“EPA explained that the inclusion of “liquid and solid wastes” from crude oil reclamation on the list of non-exempt wastes contained in the Regulatory Determination was intended to refer only to those non-E&P wastes generated by reclaimers (e.g., waste solvents from cleaning reclaimers’ equipment) and was not intended to refer to wastes remaining from the treatment of exempt wastes originally generated by the exploration, development or production of crude oil or natural gas.”

“In effect, reclaimers are conducting a specialized form of waste treatment in which valuable product is recovered and removed from waste uniquely associated with E&P operations. In addition, in many cases, product recovery or treatment reduces the volume and overall toxicity of the waste and thereby contributes to the Agency’s policy and goals for waste minimization and treatment of waste prior to disposal.” (EPA, Federal Register, Vol.5 8, No. 53, 1993).

RWQCB Oversight

The RWQCB is the State of California regulatory agency responsible for oversight and enforcement of state and federal regulations for sumps and surface impoundments. EPA discusses the RWQCB oversight authority in the following document:

  • Office of Resource Conservation and Recovery (ORCR), Office of Solid Waste and Emergency Response (OSWRER), Memorandum – Review of State Oil and Natural Gas Exploration, Development, and Production (E&P) Solid waste management Regulations, dated April 1, 2014.

In Appendix CA-2 – Summary of Regulations for Oil Field Waste Pits California, of this EPA E&P Solid Waste Management Document, EPA stated the following regarding the RWQCB’s regulatory oversight role:

“Generally speaking, the primary authority for management of oil and gas solid wastes is divided between two regulatory bodies. Primary authority regarding solid wastes managed in tanks and underground injected is regulated by the California Division of Oil, Gas, and Geothermal Resources. Primary authority regarding oil and gas solid wastes managed in pits, also known as “sumps” or “surface impoundments” in the state, are managed by the Regional Water Quality Control Boards.”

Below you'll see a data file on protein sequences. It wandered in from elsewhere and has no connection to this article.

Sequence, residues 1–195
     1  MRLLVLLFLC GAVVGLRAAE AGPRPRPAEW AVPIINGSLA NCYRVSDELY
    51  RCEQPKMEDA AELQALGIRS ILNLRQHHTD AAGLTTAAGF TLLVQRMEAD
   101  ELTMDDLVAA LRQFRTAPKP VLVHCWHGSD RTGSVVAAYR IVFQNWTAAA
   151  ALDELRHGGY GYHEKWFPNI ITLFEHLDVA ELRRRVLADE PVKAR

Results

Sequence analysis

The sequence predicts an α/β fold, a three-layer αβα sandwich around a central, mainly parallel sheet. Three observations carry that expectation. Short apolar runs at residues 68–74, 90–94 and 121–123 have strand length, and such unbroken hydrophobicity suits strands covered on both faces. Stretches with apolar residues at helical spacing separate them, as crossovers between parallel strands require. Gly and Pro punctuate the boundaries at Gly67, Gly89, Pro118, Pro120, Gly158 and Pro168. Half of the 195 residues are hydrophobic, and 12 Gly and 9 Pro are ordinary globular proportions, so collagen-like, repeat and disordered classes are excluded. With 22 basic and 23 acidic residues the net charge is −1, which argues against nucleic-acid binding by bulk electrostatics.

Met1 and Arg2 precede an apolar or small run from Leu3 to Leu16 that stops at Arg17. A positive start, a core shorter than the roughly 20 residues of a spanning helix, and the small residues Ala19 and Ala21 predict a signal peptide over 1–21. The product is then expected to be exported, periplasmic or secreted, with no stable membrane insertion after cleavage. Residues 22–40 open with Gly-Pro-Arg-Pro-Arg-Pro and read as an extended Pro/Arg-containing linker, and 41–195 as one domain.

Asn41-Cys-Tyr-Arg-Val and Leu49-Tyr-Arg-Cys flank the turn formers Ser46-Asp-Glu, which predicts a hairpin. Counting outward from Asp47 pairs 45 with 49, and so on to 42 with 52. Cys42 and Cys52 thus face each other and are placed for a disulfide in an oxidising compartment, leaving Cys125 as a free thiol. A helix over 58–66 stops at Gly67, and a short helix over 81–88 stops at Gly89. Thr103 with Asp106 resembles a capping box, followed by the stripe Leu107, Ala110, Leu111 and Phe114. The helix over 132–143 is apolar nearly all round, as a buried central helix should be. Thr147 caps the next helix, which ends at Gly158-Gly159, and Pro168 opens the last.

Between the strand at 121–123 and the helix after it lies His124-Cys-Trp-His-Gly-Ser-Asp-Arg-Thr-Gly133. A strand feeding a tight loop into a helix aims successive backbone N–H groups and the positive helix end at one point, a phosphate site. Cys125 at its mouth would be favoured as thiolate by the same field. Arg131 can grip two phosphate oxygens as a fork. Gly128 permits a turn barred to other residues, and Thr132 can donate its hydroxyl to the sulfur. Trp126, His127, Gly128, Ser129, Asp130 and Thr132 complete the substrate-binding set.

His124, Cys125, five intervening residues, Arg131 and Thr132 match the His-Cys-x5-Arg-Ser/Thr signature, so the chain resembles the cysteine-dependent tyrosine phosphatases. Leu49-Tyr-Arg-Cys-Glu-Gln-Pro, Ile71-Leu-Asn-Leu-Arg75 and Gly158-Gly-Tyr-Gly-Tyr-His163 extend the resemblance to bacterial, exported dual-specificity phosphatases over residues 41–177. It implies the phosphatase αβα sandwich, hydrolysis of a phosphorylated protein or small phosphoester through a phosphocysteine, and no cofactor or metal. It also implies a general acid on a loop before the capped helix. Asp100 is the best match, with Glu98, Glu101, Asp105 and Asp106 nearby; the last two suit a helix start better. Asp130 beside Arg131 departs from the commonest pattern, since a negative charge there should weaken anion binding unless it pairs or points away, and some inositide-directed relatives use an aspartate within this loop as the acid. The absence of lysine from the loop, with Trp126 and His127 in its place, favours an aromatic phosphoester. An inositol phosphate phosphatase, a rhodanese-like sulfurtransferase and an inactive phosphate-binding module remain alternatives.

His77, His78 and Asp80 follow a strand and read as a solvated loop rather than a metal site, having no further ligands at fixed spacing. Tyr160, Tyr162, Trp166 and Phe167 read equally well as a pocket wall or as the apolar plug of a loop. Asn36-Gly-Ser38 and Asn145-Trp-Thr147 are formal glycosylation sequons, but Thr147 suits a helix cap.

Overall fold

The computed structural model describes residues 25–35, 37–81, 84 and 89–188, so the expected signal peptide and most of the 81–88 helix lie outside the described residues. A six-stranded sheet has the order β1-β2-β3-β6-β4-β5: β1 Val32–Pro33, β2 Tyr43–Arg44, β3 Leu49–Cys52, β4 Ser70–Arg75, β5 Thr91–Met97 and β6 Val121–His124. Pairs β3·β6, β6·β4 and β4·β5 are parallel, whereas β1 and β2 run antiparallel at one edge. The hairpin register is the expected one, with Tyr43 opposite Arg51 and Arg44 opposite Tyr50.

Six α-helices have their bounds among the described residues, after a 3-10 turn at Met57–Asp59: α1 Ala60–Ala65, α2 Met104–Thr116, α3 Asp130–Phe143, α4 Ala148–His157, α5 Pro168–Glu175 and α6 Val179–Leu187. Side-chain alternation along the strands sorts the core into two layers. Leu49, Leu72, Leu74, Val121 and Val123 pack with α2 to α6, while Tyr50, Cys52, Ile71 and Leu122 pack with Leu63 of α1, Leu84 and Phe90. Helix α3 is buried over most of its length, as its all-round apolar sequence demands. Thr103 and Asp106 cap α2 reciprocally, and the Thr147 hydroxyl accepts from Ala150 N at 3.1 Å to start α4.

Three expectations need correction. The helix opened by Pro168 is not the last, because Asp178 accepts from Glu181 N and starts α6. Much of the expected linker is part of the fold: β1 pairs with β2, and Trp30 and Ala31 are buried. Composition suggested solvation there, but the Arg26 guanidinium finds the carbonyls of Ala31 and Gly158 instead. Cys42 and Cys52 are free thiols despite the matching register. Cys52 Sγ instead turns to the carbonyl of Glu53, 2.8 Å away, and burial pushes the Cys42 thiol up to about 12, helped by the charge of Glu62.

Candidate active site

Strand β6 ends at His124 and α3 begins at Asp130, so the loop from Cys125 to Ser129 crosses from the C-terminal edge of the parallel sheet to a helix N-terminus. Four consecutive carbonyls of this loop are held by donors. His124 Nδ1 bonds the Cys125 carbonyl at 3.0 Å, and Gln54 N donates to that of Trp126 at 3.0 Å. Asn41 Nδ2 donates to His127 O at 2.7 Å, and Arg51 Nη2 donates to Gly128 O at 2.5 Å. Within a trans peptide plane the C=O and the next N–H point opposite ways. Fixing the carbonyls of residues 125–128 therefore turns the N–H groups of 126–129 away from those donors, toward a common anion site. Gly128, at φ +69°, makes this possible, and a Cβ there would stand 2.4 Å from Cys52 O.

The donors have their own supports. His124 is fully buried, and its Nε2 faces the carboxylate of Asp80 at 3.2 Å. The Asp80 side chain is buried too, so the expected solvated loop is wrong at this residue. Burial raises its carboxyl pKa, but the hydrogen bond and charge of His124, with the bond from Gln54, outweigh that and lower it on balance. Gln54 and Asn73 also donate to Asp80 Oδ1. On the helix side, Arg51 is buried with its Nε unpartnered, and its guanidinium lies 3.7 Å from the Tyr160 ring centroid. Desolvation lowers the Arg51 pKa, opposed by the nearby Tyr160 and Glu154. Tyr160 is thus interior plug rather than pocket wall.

“Regulation concerning technical requirements for oil and natural gas E&P for the state of California is found primarily in the California Code of Regulations, Title 14 – Natural Resources, Division 2 – Department of Conservation, Chapter 4 – Development, Regulation, and Conservation of Oil and Gas Resources, as well as California Code of Regulations, Title 27 – Environmental Protection, Division 2 – Solid Waste, Chapter 3 – Criteria for All Waste Management Units, Facilities, and Disposal Sites as regulated by the California Department of Conservation’s Division of Oil, Gas, and Geothermal Resources and Regional Water Quality Control Boards, along with various other regulatory bodies.”

“California regulates oil and natural gas E&P wastes under the CA hazardous waste regulations, as administered by the California Department of Toxic Substances Control (DTSC) if toxicity of a substance is determined based on criteria other than the Federal Toxicity Characteristic Leaching Procedure (TCLP) or the waste meets any of the other three characteristics of hazardous waste codified in 22 CCR Article 3 Sections 66261.20 (i.e., ignitability, corrosivity, and reactivity). E&P wastes are included in the exemption from regulation under Subtitle C of RCRA (22 CCR 66261.4(b)(2) and 66261.24(a)(1)) if the waste is hazardous solely by meeting the Federal characteristic for toxicity under the TCLP.”